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Political Socialization in a Media-Saturated World


Edited By Esther Thorson, Mitchell S. McKinney and Dhavan Shah

The studies that comprise Political Socialization in a Media Saturated World synthesize, question, and update our knowledge of political socialization that has accumulated over the past 40 years of related research. The scholarship advances innovative theoretical perspectives and develops new models of the socialization process that revolve around the key social structures of family, media, peers, and school. The Hierarchy Model of Political Socialization, in particular, provides a comprehensive conceptual framework for organizing and analyzing youth responses to the political. With research that spans multiple election cycles across nearly a decade, and data drawn from a national panel study that allows for cross-generational comparison, the findings and models of political socialization presented provide the most comprehensive and in-depth examination of youth political socialization that exists to date. This book provides a foundation and research agenda for examining the Millennial generation in the coming years as these citizens mature to adults and become the driving force of society and our polity.
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Chapter Seventeen: Political Socialization Patterns in Younger and Older American Adolescents


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Political Socialization Patterns IN Younger AND Older American Adolescents


In the 2008 presidential election, an estimated 23 million 18- to 29-year-olds voted, representing the second-largest turnout of youth voters in U.S. history (Circle, 2008). It should be noted, however, that youth (18–29) voter turnout in 2012 (45%) declined from 2008 (51%; America Goes to the Polls, 2013). In 2008, more than 65% of all youth voted for President Barack Obama. It is inappropriate to exclusively attribute this record number of young votes to the charismatic young candidate who made history by being elected the nation’s first African American president. In fact, political socialization, the process that leads young people to learn about, think about, and participate in a democracy, began long before any of these young citizens were eligible to vote.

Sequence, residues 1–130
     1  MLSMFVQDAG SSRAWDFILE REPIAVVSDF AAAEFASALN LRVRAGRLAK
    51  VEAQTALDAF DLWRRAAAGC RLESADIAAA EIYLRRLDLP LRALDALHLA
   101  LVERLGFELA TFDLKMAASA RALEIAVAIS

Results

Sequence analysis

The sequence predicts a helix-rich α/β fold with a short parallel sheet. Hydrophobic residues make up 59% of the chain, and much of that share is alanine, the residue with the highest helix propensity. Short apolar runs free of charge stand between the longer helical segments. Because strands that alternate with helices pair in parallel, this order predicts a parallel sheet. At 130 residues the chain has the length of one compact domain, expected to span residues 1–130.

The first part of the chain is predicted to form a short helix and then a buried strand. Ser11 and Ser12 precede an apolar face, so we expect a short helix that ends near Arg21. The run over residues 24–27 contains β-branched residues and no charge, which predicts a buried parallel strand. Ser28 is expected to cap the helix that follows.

The goal of the study reported in this chapter is to explore how political socialization changes over time during the teen years, and whether the causal processes that drive it also change over time. Using the first survey of the Future Voters Study (as described in the Introduction) fielded in the spring of 2008, about six months before the general election, we examine the factors that lead children ages 12–18 to participate politically, either online or offline, and how their age affects the process. We define political socialization as a network of responses in cognitive,...

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